Holy Liver Values, Batman! How We Lowered Our Eclectus’ Cholesterol Through Diet

Last year in July, I took my flock to the vet; she noticed the big ones’ nails and beaks were a touch overgrown, but this was especially true for Louie the eclectus. The vet recommended we get our parrots’ bloodwork done, because contrary to my earlier/misinformed belief, any bird who has a concrete perch in his cage (concrete, not sandpaper) shouldn’t have a problem keeping his beak in trim shape. You’ll need to clip their wings and MAYBE their nails, but if their beaks are growing long, there’s often a liver issue.

Those blood tests revealed that Louie had crazy-high liver values and high cholesterol. Vi’s was on the low side of high, but still generally okay (Amazons are tougher than Ekkies when it comes to diet), but also needed to be reduced.

How that was possible, I had no idea – seeds were given only for treats (though, admittedly, he did get a few every day), we cooked for him weekly and gave him a variety of fruit/vegetables in mashes served every day to ensure he ate as much healthy stuff as possible, and the pellets we used as his base diet were TOPS organic pelletsIMG_8593

With how careful we were with his diet, how was this even a thing?

Our vet wasn’t sure if the high cholesterol and liver values in eclectus parrots is just how their species is or not; the avian science surrounding Eclectus parrots is so new, and she’s seen so many ekkies with values similar to Louie’s from other responsible bird owners that she speculated it could just be the species’ normal.

Still, better safe than sorry. Eclectus’ lifespans are currently unknown in captivity (though current speculation runs anywhere from 30 years to 75 years old from my quick Google search). I once read somewhere that people used to believe these birds’ lifespans were 8-10 years (until vets started really studying the effect diet can have on these special little birds). With Louie hovering around the 9 year age mark, I didn’t want to take any chances.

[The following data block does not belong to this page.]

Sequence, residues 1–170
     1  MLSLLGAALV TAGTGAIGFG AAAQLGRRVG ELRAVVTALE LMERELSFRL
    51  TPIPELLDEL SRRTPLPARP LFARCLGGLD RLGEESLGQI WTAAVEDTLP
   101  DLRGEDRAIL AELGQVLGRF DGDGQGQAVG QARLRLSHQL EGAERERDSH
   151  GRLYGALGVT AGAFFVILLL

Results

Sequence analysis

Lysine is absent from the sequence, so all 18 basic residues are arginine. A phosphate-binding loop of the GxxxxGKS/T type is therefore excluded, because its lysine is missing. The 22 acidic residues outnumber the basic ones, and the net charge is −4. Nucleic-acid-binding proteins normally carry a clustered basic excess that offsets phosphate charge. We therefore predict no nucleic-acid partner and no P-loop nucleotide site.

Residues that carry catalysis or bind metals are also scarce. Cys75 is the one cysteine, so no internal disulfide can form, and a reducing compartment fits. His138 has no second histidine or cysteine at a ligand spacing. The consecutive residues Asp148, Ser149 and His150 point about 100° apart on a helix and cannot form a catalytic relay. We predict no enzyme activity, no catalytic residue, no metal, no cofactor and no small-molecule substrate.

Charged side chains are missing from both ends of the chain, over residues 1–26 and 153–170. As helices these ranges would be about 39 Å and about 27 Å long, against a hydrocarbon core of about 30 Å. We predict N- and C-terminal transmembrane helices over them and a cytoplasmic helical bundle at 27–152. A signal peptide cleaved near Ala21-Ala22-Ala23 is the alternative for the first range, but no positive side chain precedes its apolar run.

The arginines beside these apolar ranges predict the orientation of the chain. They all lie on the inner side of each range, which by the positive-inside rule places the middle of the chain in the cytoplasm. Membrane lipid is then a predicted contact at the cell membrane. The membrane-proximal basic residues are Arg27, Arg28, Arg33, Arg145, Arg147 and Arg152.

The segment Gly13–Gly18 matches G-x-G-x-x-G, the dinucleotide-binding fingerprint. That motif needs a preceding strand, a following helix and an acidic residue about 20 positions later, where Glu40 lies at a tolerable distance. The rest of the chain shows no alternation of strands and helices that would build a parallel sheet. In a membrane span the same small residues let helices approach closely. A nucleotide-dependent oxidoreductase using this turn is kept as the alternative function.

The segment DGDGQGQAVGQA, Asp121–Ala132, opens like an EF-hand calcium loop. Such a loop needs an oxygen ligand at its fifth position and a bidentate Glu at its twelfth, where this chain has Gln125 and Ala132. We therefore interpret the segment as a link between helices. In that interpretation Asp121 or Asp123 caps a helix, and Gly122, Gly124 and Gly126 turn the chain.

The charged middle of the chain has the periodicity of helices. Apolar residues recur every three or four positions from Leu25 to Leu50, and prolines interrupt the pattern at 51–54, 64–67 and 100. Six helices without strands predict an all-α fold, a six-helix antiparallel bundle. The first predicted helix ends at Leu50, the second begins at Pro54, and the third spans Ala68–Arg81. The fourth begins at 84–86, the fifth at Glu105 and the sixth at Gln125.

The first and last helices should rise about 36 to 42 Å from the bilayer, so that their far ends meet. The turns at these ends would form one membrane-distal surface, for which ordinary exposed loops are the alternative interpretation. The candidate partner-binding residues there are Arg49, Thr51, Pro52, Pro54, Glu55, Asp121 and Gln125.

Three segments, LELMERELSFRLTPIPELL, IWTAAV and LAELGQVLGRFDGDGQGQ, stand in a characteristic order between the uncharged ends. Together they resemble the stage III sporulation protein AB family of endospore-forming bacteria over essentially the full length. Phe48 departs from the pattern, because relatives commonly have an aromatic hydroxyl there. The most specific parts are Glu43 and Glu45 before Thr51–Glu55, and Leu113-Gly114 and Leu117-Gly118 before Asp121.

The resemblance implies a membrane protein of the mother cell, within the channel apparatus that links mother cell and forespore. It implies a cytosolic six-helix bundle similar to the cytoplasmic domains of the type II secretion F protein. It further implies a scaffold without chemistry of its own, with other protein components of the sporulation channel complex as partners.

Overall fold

The vet recommended we look at the nutrition content on the back of the TOPS pellets; whatever percentage of crude fat was in his TOPS pellets (the bag we bought had its percentage at 6% crude oils and fats) , we needed to find another pellet with the lowest possible crude fat number. Sure, it was a low number, but she was convinced that lower was out there. Seed had to be completely removed from his diet; as much as he loved sunflower seeds, we’d need to find some alternative.

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Nutriberries are a parrot’s best friend.

So, off to the pet store we went; we examined several different options and the lowest fat percentage we could find was in ZuPreem natural pellets (NEVER feed an eclectus the colored pellets – the coloring they use is super bad for them) – the crude fat percentage was 4% instead of 6%. I’d also been doing some reading on Lafeber’s Nutriberries; their claim is that it’s all the health of a pellet, but with a few seeds thrown in. I looked at the back of one of their containers – 6% fat. As treats, nutriberries beat the hell out of feeding almonds and sunflower seeds (considering their fat content), and Louie LOVES nutriberries.

Could I replace the small daily snacks of seeds with one or two nutriberries instead and keep my little buddy happy?

We hesitantly and slowly switched Louie from TOPS to ZuPreem (mixing them together until we were sure he was eating both of them, then removing the TOPS a little bit at a time). My main hesitation with feeding ZuPreem was that it contains corn; Louie is allergic to it (it makes him toe-tap), so we carefully looked for any signs of his uncomfortable syndrome returning. It, thankfully, did not!

Now, the question: Could only a 2% difference in the fat in pellets and replacing seed with a couple of nutriberries really make such a big difference?

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Brat broke out of his cage; this is where we always find him when that happens.

We waited a little less than a year to give it time to work. The only “seed” Louie was allowed was an almond in its shell (so he had to work for it and usually didn’t) once or twice. Otherwise, we bribed him with nutriberries, which he really enjoys.

And then, eight months after the wonky bloodwork, we got our answer.

Yes, yes, that 2% decrease in fat + nutriberries instead of seeds could make a HUGE difference.

I got the call this morning: “Hi, this is Dr. B, I wanted to let you know that everybody’s bloodwork looks REALLY GOOD this time! Vi’s looks the best, her liver value is now normal… and, Louie’s liver value is almost normal. It’s definitely significantly decreased and his cholesterol is normal. Continue with the diet for both of them; we’ll do repeat bloodwork in a year!”


 

Louie’s current diet looks like this:

-Free-fed ZuPreem Pellets

Fruit OR Vegetable Mashes Served Every Day (like 3/4ths of a cup, always more than he can eat), alternating between veggies or fruit every other day (take whatever bird-friendly fruit or vegetables you have lying around, add some greens like romaine lettuce, throw them in the food processor or blender, then pour over/mix in a grain base – most of these mixes have corn in them, so we just pick it out because that still makes Louie toe-tap, even if his pellet doesn’t.)